Long-Distance Passenger Train Services: Putting "National" into "National Network"
Guest Blog by Dan Bilka
Image: Proposed Routes for Sec. 22214 Studies, primary routing options highlighted in yellow. Base map: Rail Passengers Association “Grid and Gateway” Vision Map.
Over a half century ago, the United States created Amtrak to rescue the vestiges of a once thriving national passenger rail system operated by private railroads. Posting record ridership prior to the pandemic, Amtrak has become an integral part of over 500 communities nationwide.
Yet we can do much better. The creation of Amtrak itself resulted in large swaths of the country being left without passenger rail service literally overnight. Since then, while Amtrak has opened a handful of new routes and boosted frequencies on others, it has also abandoned thousands of miles of long-distance trains, leaving major cities and rural communities alike far from service.
Last year’s passage of the Bi-partisan Infrastructure Investment and Jobs Act (IIJA) is a once-in-generations opportunity to go beyond the status quo of previous decades. We have the opportunity, and I say obligation, to start constructing a National Network in the true sense of the word. A National Network means one that provides passenger rail service to all parts of the country, not one that leaves entire swaths isolated without service. In recognition of the call to action made by Rail Passengers Association President Jim Mathews, I want to do what I can to ensure these funds are spent “are spent wisely and well.”
My primary purpose for this writing is careful consideration for routes to be selected under Sec. 22214 (the Tester Amendment), the “Amtrak Daily Long-Distance Service Study” in order to garner the most “bang for our buck” for enhancement and growth of our National Network, the backbone for all other routes and services. Long-distance routes are not “Legacy” routes as described by some, they are “Multipurpose mobility machines”; lifelines for rural America. They are the proper scale and type of service to initiate passenger rail where we have no such services today. The primary market for long-distance national network services is not the endpoint-to-endpoint (i.e., Chicago to Los Angeles) but service to the hundreds of communities in between major hubs.
I thank Senator Jon Tester along with Sens. Wicker and Manchin for getting this language into the Bill and ensuring it wasn’t negatively altered along the way. We as a nation must make a commitment to all our citizens, including those in so-called “flyover country".
Today’s passenger rail system is not nearly as robust as it should be. How the system was rationalized and reduced by the constituent railroads running their own services (looking mainly at their own route networks, not the network at large), and the system as it was conveyed to Amtrak in 1971, has largely dictated the skeletal network we have today. The ill-conceived 1979 and 1997 cuts exacerbated this problem.
No train in the continental United States should ever run less-than-daily-service. Indeed, if you’re already going through the work to study a line, you should also consider what multiple frequencies per day would offer. The old [pre-Amtrak] railroad adage was: “If you double frequency, you triple ridership”; I believe that phenomena still holds true today (NUMTOTS, please chime in here). Further, because transportation systems have high fixed costs like infrastructure and station maintenance, Amtrak could double service without doubling operating costs.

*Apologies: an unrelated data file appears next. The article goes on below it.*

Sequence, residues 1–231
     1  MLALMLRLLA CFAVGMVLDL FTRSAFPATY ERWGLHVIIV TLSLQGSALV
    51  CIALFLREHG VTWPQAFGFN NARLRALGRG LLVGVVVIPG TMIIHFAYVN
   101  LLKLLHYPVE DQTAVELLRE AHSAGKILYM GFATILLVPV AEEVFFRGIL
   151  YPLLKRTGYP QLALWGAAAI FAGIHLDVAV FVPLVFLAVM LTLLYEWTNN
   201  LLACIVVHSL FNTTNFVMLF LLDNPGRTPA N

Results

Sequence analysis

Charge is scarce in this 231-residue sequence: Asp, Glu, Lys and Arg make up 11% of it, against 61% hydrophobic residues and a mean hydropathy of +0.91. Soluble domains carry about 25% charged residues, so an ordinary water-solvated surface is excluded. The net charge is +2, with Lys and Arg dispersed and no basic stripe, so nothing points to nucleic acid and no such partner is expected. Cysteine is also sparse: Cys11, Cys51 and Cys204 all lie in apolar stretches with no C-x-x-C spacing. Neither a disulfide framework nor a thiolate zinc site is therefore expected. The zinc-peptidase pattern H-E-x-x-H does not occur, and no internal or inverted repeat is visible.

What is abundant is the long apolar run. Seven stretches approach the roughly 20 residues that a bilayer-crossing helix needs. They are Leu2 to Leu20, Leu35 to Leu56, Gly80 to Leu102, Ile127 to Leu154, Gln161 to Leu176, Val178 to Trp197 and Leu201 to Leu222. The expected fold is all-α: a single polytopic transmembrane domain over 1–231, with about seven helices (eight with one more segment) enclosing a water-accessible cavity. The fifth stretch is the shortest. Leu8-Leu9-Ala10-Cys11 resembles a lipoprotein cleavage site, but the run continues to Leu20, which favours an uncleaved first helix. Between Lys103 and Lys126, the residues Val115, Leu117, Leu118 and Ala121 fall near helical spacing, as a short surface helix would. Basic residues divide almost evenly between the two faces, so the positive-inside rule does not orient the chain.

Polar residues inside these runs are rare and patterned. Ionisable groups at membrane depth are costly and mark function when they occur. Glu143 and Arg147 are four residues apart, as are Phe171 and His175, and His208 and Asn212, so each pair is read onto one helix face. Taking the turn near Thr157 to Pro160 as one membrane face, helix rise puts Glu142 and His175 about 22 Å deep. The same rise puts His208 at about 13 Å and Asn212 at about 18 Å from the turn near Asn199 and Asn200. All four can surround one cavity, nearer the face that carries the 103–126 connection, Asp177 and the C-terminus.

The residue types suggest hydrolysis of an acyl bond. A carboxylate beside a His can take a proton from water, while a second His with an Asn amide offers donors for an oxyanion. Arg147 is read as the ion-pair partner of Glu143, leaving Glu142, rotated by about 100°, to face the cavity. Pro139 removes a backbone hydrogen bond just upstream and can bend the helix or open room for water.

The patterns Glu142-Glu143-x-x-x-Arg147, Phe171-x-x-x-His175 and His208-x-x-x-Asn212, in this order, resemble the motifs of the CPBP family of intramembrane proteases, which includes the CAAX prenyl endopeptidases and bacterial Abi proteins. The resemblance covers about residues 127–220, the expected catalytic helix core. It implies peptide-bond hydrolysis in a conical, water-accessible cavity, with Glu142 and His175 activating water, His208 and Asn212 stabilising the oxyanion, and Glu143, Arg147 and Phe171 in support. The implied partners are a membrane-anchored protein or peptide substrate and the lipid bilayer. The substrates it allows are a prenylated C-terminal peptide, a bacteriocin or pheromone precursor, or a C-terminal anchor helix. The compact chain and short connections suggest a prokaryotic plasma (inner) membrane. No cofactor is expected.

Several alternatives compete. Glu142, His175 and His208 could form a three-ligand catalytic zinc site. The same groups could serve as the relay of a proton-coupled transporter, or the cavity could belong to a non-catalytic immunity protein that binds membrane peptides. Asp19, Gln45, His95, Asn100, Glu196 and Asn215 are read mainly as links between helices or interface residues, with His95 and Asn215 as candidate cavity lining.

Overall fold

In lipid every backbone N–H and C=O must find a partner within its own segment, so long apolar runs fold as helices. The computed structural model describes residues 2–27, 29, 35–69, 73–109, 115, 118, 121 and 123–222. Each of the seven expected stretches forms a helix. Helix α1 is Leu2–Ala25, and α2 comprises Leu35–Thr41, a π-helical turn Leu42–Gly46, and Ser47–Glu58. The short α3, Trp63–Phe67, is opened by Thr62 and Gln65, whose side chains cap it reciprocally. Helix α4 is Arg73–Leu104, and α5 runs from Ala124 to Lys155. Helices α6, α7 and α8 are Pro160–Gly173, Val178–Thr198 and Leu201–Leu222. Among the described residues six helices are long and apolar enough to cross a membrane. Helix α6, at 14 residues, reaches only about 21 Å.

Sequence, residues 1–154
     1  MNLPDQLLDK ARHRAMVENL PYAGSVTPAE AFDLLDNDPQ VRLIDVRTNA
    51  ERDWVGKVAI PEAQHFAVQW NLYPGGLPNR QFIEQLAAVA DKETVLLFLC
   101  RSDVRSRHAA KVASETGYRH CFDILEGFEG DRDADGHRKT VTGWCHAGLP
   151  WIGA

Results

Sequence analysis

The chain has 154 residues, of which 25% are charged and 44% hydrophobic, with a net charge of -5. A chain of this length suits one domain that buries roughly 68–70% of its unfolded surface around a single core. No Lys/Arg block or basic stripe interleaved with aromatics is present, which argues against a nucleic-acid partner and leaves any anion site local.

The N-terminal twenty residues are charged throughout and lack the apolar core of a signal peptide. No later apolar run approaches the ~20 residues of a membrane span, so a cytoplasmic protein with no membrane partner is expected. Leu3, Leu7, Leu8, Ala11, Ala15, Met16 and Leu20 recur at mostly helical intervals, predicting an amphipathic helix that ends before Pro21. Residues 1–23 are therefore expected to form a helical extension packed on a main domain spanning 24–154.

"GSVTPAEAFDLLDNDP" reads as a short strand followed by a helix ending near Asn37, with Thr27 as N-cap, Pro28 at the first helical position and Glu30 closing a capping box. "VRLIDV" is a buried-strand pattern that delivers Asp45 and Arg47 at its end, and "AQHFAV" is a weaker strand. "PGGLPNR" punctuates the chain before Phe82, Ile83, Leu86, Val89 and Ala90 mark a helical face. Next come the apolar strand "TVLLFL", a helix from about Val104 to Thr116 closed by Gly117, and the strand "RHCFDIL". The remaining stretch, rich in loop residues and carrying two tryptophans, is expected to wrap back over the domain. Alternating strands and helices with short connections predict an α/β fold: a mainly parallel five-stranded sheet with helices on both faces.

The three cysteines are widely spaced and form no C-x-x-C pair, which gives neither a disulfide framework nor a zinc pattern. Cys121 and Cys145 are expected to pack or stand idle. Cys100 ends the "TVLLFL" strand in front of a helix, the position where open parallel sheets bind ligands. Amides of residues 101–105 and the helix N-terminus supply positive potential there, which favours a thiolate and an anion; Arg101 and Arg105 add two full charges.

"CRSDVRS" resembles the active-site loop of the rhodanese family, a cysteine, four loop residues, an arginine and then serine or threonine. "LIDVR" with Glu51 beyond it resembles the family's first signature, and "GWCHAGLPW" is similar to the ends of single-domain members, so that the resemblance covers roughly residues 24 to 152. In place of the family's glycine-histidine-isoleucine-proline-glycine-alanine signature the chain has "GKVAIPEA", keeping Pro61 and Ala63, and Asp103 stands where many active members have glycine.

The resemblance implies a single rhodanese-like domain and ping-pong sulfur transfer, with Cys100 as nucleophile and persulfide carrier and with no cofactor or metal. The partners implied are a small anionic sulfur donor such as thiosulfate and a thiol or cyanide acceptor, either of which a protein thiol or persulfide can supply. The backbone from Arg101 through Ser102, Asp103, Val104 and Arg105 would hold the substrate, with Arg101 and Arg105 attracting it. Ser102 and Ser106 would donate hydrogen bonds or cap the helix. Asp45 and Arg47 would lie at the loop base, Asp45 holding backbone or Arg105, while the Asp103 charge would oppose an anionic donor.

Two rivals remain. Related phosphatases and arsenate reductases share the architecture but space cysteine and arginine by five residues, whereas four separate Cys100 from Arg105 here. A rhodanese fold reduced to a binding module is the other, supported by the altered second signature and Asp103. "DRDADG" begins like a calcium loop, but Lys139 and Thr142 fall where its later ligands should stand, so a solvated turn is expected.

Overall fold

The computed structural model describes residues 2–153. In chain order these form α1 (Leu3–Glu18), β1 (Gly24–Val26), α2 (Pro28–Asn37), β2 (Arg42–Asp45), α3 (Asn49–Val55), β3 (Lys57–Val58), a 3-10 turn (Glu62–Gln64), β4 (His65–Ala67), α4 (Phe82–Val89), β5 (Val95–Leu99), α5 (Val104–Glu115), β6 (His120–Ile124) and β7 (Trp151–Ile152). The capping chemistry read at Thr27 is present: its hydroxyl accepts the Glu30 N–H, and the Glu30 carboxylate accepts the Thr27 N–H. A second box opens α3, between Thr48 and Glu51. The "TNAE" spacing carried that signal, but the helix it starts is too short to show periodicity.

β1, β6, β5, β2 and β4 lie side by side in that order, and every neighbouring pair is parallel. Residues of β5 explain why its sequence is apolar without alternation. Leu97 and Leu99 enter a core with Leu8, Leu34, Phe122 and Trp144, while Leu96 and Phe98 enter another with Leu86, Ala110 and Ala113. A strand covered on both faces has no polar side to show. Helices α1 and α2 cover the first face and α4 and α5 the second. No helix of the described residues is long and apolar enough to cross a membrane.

Therefore, the USDOT/FRA should evaluate all routes selected under Sec. 22214 for multiple frequencies per day. This does not mean that service must immediately jump to multiple frequencies, but planners and policymakers should have an honest and thorough understanding how multiple frequencies per day enhance ridership, financial performance, and usability/attraction; plan and actually implement the increased frequencies at a later date.
Cobbling together short-distance passenger rail segments does not form a complete transportation network. The “long-distance” routes build the foundation for “state-supported” services; we need to have them in order to construct our 21st century transportation network. “Long-distance routes are themselves a series of corridors; lifelines for the communities and people they serve. We must move beyond a “zero-sum” mindset; long-distance routes are not a threat to state-supported routes but a benefit to them. State supported routes can complement and enhance long-distance service but they cannot replace it. If it were not for the coordination and investment of the federal government, we would not have the US Interstate Highway System or world-class aviation network. If it were up to states themselves to construct the US Interstate Highway System, analogous to what is being proposed for state-supported routes on the Amtrak “Connects US” map, we wouldn’t have anything resembling the US Interstate Highway System today. If it were not for the coordination of the FAA and Air Traffic Control, airliners may still be crashing into one another.
While some are promoting the “Connects US” map and self-defeating sole focus on a “state-supported” model, one that leaves gaps that make it impossible to travel between some adjacent metropolitan areas, the US Congress has spoken loud and clear: enshrining National Network commitment into law. There are much-needed Amtrak reforms, now explicitly outlining a commitment to the National Network and rural America (Sec. 22201), Amtrak Board Reforms (Sec. 22202), Oversight on Amtrak for Long-distance and other services (Sec. 22204), and better oversight of Amtrak Spending (Sec. 22206). This was the result of hard-working advocates calling for specific safeguards and explicit federal commitment to these fundamental long-distance routes.
Image: Cost comparisons of critical projects, historical and present, in estimated costs per American in 2021 dollars.